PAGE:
ISLAMABAD: A committee of experts in the ministry of science and technology on Monday cautioned that relaxing lockdown without precautions could have dire consequences.
In a tweet, Minister for Science and Technology Fawad Chaudhry conveyed the concerns of the committee, which said that Prime Minister Imran Khan’s policy of smart lockdown was the solution to prevent the spread of the coronavirus pandemic.
“Coronavirus is not ordinary flu,” the minister said.
Mr Chaudhry texted that the committee of experts in his ministry met and gave its opinion on three major aspects. According to him, the experts were of the opinion that the idea of herd immunity could prove risky and dangerous. He said they believed such an approach should be discouraged.
Disclosing the opinion of the committee, the minister warned that the pressure of the coronavirus was expected to be felt the most by the middle of June.
Says Covid-19 pressure likely to be felt the most by middle of June
The views of the committee of experts came soon after Chief Justice of Pakistan Gulzar Ahmed on Monday issued directives to the relevant authorities for allowing the reopening of shopping malls across the country. The Supreme Court questioned the logic behind keeping malls closed. Among the many stores that were closed until Monday including barber shops opened as soon as the news of the court orders hit TV screens.
Rizwan Ali, a men’s salon owner in Sector I-8 Markaz, claimed to have opened his shop after two months.
Last week, the minister for science and technology decided not to attend the National Assembly session after several members and staff tested positive for coronavirus. “From the first day, I have been saying that the session should be on video link. Why put the country’s political leadership in unnecessary danger,” he said in a tweet.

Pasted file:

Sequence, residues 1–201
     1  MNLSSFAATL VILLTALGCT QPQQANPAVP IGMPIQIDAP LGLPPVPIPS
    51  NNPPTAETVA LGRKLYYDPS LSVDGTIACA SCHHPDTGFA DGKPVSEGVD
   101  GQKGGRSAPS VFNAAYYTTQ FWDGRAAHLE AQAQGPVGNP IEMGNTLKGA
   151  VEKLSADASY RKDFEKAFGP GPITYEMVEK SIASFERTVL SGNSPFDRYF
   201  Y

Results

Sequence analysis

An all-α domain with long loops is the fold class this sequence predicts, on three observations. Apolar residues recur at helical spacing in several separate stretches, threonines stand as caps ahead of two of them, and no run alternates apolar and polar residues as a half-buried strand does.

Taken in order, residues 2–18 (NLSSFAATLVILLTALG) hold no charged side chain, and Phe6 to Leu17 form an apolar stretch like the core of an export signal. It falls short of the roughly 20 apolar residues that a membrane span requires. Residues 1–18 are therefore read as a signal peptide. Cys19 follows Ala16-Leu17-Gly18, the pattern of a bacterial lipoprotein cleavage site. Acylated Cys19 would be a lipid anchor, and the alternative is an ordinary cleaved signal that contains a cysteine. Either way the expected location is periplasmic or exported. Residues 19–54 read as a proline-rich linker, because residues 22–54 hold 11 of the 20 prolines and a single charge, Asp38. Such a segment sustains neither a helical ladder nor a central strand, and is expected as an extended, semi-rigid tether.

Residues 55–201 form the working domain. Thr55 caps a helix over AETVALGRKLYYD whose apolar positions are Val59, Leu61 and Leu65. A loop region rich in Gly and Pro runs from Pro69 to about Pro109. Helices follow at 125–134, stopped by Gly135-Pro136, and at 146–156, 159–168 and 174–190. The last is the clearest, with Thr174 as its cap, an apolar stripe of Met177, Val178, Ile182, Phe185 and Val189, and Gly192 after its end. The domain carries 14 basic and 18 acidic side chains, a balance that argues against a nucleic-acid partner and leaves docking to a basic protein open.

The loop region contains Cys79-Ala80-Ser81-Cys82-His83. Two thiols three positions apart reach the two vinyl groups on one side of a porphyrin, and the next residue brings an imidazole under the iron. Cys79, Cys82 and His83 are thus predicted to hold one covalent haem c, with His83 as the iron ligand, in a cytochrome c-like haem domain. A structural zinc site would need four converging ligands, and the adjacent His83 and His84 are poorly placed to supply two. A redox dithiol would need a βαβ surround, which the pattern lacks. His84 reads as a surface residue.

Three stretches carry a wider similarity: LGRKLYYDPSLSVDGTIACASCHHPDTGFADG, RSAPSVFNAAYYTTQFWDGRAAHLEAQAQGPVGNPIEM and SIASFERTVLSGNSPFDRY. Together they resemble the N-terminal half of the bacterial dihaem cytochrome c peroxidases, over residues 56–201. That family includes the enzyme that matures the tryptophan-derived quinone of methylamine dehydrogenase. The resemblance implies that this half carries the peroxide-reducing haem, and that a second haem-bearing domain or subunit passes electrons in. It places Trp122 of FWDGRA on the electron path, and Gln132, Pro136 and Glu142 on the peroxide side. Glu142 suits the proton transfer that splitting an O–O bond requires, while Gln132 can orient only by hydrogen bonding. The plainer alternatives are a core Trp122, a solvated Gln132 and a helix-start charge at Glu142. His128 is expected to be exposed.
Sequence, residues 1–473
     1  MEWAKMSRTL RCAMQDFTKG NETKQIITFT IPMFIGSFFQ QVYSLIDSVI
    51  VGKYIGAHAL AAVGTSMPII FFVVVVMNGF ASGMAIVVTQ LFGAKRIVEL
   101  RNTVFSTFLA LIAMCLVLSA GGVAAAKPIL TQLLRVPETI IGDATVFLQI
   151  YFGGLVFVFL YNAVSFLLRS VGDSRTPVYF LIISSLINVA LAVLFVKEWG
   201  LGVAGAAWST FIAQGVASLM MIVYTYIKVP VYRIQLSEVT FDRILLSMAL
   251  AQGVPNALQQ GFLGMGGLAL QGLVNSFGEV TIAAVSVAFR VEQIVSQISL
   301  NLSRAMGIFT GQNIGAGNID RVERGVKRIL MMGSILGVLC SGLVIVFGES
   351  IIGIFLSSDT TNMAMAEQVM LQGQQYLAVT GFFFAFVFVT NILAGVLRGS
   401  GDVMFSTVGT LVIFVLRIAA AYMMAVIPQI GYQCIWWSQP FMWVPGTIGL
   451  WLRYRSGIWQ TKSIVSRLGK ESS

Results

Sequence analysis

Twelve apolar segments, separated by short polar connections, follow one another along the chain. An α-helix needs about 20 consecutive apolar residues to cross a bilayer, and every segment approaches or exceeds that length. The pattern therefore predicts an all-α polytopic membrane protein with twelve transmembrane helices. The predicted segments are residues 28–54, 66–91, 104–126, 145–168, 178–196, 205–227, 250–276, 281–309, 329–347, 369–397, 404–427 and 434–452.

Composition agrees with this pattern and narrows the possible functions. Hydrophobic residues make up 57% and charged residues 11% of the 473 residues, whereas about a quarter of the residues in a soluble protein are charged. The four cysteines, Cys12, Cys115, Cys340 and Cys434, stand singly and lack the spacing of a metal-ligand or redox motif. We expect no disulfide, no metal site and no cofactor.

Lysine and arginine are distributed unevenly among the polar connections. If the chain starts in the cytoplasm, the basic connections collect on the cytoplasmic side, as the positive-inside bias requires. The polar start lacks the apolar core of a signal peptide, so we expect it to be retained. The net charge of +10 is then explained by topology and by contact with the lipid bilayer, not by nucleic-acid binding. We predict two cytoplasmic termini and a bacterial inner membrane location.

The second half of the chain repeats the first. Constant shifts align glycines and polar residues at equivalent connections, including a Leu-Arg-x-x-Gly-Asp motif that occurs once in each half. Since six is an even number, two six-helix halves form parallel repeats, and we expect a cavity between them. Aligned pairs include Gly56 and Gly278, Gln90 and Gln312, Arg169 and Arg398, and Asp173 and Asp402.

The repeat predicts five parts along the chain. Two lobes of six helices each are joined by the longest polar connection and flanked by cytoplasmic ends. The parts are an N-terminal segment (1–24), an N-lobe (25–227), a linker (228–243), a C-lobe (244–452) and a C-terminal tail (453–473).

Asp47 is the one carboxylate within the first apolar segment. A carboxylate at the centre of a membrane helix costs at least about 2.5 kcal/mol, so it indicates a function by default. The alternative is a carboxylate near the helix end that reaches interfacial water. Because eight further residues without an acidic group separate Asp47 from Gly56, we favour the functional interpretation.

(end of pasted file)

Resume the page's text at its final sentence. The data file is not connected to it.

Despite a request from the deputy speaker of the National Assembly to visit parliament a few days ago, the minister decided to postpone his visit, as at least three parliamentary reporters and two senators tested positive for Covid-19. “It is now certain that coronavirus is attached to the Parliament building, so I am postponing the intention. A session will be called where you can talk comfortably,” he said in his message.
About the export of disinfectants and sanitizers, the minister described the decision of the cabinet as truly remarkable to allow the export of the items which comply with the World Health Organization (WHO) standards and are far better than available stocks anywhere. He said: “I hope Pakistan will become a major exporter of medical merchandise and materials.”
Mr Chaudhry also announced launching a joint study of Pakistan Science Foundation and the HEC to ascertain how coronavirus can affect the industries, which of them may collapse, and which new industries are likely to emerge. The HEC is expected to issue guidelines to universities to reset their degree plans according to future industry needs.
Meanwhile, the countrywide number of coronavirus cases increased to 43,158, while so far the pandemic has claimed 923 lives.
Published in Dawn, May 19th, 2020